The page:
When the Hamilton family arrived at the Santiago de Chile Airport on Monday for the first leg of their trip before hopping on a cruise, they were left in the lurch after Air Canada misplaced Jim Hamilton’s custom-built wheelchair.
“When that wheelchair wasn’t there, I went into panic mode because that’s his legs, that’s his safety, he has to have it,” said Kathie Hamilton.
The Hamiltons, now in Viña del Mar, Chile, remain perplexed by the airline’s error, which has partially foiled their travel plans that had been set in stone for months.
“This trip was hugely important to us. I thought I dotted every I, crossed every box, and worried about all kinds of things, but I never once worried that the wheelchair that I left at the gate, at the very door of the airplane, would not show up,” said Kathie in a Zoom call, with Jim by her side.
Jim suffered a stroke two years ago, leaving the right side of his body paralyzed. He also suffers from aphasia, which allows him to understand everything but cannot verbally communicate.
When he suffered the stroke, Kathie admits she was unsure if the duo could ever travel again but wanted to make it a reality.
So, they hired a travel agent who specialized in working with travellers with accessibility requirements and realized that a cruise would be one of the best ways to get around.
“He has to have a wheelchair, and his wheelchair, it’s custom-made, and he’s six-two, 250 lbs., you can’t stick him in some transport chair,” Kathie said.
“It’s just not safe.”
In a statement emailed to Global News, Air Canada said they “regrettably” didn’t load the wheelchair on the flight to Chile.
“We fully appreciate the importance of mobility devices to their customers and have processes in place to ensure they travel safely with their owners, and we are reviewing why that did not occur in this case,” wrote an Air Canada spokesperson.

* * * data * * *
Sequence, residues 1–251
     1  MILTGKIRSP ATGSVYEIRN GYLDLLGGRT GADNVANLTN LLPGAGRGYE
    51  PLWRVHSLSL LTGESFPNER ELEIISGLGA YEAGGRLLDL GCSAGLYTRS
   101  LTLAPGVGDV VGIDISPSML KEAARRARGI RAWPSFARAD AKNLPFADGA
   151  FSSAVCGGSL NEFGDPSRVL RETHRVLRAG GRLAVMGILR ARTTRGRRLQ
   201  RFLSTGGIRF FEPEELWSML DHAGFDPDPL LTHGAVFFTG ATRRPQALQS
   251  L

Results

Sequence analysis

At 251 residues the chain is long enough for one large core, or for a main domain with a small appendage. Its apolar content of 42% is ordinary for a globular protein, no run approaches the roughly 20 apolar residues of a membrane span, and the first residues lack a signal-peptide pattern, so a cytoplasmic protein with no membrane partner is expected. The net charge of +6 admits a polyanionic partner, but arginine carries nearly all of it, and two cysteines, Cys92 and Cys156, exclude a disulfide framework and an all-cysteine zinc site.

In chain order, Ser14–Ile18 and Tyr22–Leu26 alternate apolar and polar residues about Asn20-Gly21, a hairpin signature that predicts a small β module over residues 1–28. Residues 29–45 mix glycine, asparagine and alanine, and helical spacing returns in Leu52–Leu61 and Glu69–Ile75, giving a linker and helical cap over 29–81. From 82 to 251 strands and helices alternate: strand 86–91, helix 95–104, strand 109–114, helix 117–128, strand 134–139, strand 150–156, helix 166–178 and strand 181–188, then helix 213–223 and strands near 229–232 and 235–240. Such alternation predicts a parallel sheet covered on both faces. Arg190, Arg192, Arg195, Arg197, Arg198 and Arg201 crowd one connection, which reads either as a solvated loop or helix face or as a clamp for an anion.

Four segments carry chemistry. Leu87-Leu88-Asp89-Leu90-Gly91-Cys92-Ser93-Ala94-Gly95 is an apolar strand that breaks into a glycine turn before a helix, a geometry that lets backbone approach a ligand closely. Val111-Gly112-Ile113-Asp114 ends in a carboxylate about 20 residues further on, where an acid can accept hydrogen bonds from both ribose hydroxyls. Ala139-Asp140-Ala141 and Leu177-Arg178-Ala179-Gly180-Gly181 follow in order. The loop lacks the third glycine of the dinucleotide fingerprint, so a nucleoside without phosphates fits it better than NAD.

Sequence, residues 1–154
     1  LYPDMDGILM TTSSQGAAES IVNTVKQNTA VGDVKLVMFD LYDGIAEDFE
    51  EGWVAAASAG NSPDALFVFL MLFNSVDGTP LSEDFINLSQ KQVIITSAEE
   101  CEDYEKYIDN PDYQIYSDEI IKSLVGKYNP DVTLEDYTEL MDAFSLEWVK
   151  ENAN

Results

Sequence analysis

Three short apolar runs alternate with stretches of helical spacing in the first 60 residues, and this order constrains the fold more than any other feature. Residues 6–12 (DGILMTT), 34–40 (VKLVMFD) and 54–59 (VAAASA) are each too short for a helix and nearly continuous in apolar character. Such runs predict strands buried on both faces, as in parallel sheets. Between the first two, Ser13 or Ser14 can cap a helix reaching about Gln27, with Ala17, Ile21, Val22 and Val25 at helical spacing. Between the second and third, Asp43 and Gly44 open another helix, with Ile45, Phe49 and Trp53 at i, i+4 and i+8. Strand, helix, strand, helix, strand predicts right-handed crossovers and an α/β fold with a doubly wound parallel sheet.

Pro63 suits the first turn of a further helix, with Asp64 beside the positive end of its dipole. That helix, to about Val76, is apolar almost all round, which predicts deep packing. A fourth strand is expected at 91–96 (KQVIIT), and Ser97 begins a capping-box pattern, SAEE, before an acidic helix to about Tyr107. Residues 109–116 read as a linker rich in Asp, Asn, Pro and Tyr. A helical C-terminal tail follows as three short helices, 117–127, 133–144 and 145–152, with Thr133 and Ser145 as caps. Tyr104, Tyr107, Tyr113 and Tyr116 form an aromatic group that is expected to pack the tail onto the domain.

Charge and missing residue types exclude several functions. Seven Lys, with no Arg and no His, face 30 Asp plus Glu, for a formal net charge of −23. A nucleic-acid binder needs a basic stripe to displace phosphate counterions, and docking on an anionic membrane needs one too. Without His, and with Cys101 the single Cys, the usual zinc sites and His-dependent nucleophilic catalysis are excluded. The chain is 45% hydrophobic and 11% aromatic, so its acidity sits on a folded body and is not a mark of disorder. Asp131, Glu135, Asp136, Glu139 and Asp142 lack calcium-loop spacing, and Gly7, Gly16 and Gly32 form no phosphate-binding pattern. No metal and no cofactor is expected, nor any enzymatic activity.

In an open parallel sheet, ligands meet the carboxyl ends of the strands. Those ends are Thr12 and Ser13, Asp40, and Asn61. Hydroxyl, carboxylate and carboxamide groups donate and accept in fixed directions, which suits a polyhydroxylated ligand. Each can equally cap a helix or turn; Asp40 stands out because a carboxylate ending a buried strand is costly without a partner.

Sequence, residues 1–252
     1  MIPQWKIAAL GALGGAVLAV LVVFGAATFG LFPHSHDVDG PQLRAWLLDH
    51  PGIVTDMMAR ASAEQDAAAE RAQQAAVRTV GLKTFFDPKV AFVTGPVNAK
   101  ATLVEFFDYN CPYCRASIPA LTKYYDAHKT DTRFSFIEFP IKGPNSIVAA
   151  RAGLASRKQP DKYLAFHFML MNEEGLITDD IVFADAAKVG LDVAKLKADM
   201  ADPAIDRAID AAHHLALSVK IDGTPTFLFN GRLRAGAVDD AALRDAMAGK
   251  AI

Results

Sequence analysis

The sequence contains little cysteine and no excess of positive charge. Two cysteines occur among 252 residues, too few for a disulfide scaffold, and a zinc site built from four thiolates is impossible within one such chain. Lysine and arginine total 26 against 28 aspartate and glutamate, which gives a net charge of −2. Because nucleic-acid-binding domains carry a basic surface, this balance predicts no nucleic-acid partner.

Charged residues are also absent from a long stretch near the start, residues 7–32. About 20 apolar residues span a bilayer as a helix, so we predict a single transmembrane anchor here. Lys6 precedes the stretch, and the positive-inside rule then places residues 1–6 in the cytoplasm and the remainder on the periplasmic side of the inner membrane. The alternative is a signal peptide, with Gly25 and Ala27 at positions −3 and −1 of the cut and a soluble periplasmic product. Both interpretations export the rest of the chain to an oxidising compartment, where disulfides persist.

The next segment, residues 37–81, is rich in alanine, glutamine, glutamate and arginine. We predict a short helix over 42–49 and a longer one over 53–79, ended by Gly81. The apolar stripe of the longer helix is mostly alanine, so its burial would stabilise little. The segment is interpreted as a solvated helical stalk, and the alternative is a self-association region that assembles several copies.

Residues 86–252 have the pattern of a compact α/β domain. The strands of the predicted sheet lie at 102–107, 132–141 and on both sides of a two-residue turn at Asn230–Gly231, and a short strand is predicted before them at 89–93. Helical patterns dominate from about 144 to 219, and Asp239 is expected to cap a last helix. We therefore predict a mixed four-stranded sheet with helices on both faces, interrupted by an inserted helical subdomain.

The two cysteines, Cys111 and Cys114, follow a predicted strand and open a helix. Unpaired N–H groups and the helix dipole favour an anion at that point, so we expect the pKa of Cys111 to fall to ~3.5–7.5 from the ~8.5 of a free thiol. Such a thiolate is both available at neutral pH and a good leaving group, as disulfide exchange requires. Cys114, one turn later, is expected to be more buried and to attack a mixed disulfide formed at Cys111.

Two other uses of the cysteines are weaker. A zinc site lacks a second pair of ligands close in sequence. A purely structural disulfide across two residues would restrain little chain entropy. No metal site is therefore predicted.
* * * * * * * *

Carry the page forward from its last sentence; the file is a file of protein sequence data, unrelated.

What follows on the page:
“We are following up with the customer directly to apologize and address their concerns and, as part of this process, we did immediately offer the customer a $300 goodwill gesture.”
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But, on the ground, it was a different story for the Hamiltons.
When they landed and approached the Air Canada complaint department at the airport in Chile, Kathie said they were rebuked, with staff saying other people were missing luggage, too.
That commentary was considered offensive by Kathie, who said the airline clearly didn’t understand the value of having proper accessibility equipment for people who are disabled.
“This isn’t a suitcase — these are his legs. You’ve taken away his legs.”
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In Jim’s custom-made wheelchair, the arms lift, there’s special padding to limit body sores, and it’s a specialized height to help him get into chairs, cars and beds.
Instead, according to Kathie, he was given a loaner chair whose foothold fell apart and posed a significant risk of injury.
“We’ve managed it, but it hasn’t been safe,” she said.
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Eventually, staff helped the Hamiltons move to a hotel in Chile, and they were given a contact number for a third-party wheelchair company. Kathie contacted her daughter Wendy Elliot who went public with the story on Twitter.
Elliot said Air Canada didn’t move on getting them their wheelchair until they contacted the media with their story.
Eliott thinks the company’s handling of the entire situation shows that they do not fully understand the risk they’re causing someone who is disabled.
“What happens if he hurts himself or she hurts herself? What happens if Jim falls and she’s trying to transfer him because he’s in a chair that’s not appropriate for him?” said Elliott.
With her parents being offered a “measly” $300 in a country where they don’t speak the language and are essentially being told to procure the wheelchair themselves, Elliott said she was stunned by Air Canada’s response.
“I feel angry. Being so far away, you feel so helpless, the companies are so big, and you think, ‘What am I going to be able to do?’” she said.
Air Canada has told the Hamiltons they plan to send the wheelchair to Santiago, Chile, on Tuesday evening, but the family is already in another city more than an hour away.
With the Hamiltons set to board a cruise, they’re worried they won’t get the wheelchair in time.
The entire experience has left the family reconsidering if they’d fly with the airline again.
“They’re very not accessible, so I would definitely steer away from Air Canada,” said Kathie.
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